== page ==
We are all audiophiles, so as ridiculous as it sounds, I’m going to talk a little about detail, imaging and PRaT. Don’t get me wrong, these aren’t B&W 805’s or any of the other fine mini-monitors I have been reviewing. Yet, amazingly they are nicely detailed without being bright. Imaging and the soundstage is about as good as I could hope for in my small office. Instruments are placed nice enough, and soundstage width and depth is quite good, as is often the case with very small speakers.
Well, I know you think that as picky as I am about PRaT (Pace, Rhythm and Timing) and that this is where I will say the A2’s fall apart. Not so, though. While they are not Lowther’s with a Wavac 300B, nevertheless the A2’s can really swing.
After months of playing around with the Audioengine A2 powered speakers, I want to tell you I think they are incredible for an office system. If you use them with a computer, they are way too good to play MP3’s; go ahead and rip lossless and you will be amazed by these little wonders. I certain have been. I’ll tell you these aren’t leaving my office.
In Comes the W1 Audio Adapter
Type: wireless audio signal transmission
Range: 100ft (30 meters)
Wireless Protocol: 802.11
Frequency band: 2.4GHz to 2.4835GHz
Data Rate: 340Mbps
Isn’t wireless technology amazing?
In our household we have a Terabyte hard drive with everyone’s digital music on it in full WAV files. The wireless network makes it easy for everyone to access it. On my upstairs and downstairs systems this is done by the way of Slim Devices Transporter and Squeezebox.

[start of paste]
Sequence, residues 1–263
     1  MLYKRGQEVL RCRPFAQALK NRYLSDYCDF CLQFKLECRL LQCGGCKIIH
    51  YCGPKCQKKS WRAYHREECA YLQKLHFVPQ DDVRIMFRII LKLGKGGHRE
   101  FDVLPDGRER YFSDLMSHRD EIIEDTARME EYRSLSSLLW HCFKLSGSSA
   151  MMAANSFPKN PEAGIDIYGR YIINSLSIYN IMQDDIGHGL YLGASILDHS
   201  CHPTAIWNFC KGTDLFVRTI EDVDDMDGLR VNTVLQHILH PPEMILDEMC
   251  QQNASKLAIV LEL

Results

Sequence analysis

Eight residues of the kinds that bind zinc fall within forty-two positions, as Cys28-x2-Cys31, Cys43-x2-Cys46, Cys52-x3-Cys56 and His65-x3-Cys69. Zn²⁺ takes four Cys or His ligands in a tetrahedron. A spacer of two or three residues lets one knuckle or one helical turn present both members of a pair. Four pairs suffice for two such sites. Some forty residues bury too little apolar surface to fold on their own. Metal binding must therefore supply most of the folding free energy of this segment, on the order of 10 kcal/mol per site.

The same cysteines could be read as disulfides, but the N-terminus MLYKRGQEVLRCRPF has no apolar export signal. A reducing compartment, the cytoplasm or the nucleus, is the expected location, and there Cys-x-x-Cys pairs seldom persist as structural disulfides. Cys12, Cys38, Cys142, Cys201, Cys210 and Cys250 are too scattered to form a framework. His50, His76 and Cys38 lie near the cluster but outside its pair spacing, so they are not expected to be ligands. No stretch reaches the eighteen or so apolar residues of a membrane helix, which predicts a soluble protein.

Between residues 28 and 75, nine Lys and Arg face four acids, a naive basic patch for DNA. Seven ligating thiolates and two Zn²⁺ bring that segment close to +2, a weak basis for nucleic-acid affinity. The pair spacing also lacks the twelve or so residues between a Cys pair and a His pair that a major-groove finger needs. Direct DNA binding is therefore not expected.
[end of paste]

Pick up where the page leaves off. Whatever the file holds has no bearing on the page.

Well, now Audioengine has brought us another way to do this and like most things from this great little company; it’s simple and way cool. It is simply a unit that plugs into your computer’s USB port or analogue output of some other source component. You also have a device that plugs into your preamplifier, integrated amp, or powered speakers that receives the signal from as far away as 100 feet, at better than Redbook CD rate. It uses the latest chipset that handles digital audio and transmits via the Wi-Fi 802.11 protocol between 2.4GHz to 2.4835GHz at a data rate of 340Mbps. Data rate is 16-bit/48kHz. One transmitting unit can send signals to up to eight receiving units. This great little thing-of-ma-jig only costs $149.
The first thought I had was now I had a way to listen to things off my Macbook that I could easily get the Slim Devices units to pick up. So the first thing I listened to was “Prairie Home Companion”. It didn’t sound nearly as good as it does on FM, but that’s not Audioengine’s fault; it’s NPRs (National Public Radio). Hookup took about two minutes and I was ready to listen to anything on my Macbook or hard drive through my Shindo Masseto preamp, Wavac EC300B, and Teresonic’s Ingeniums.
Of course, another way to hook it up is straight to the A2s. Either way, the sound that comes through is quite good, much better than I was expecting. This little thing can really boogie. So for $348 you can have a pair of great sounding speakers that can connect wirelessly to almost any source. These are a couple of great products for the money and together they are just too cool.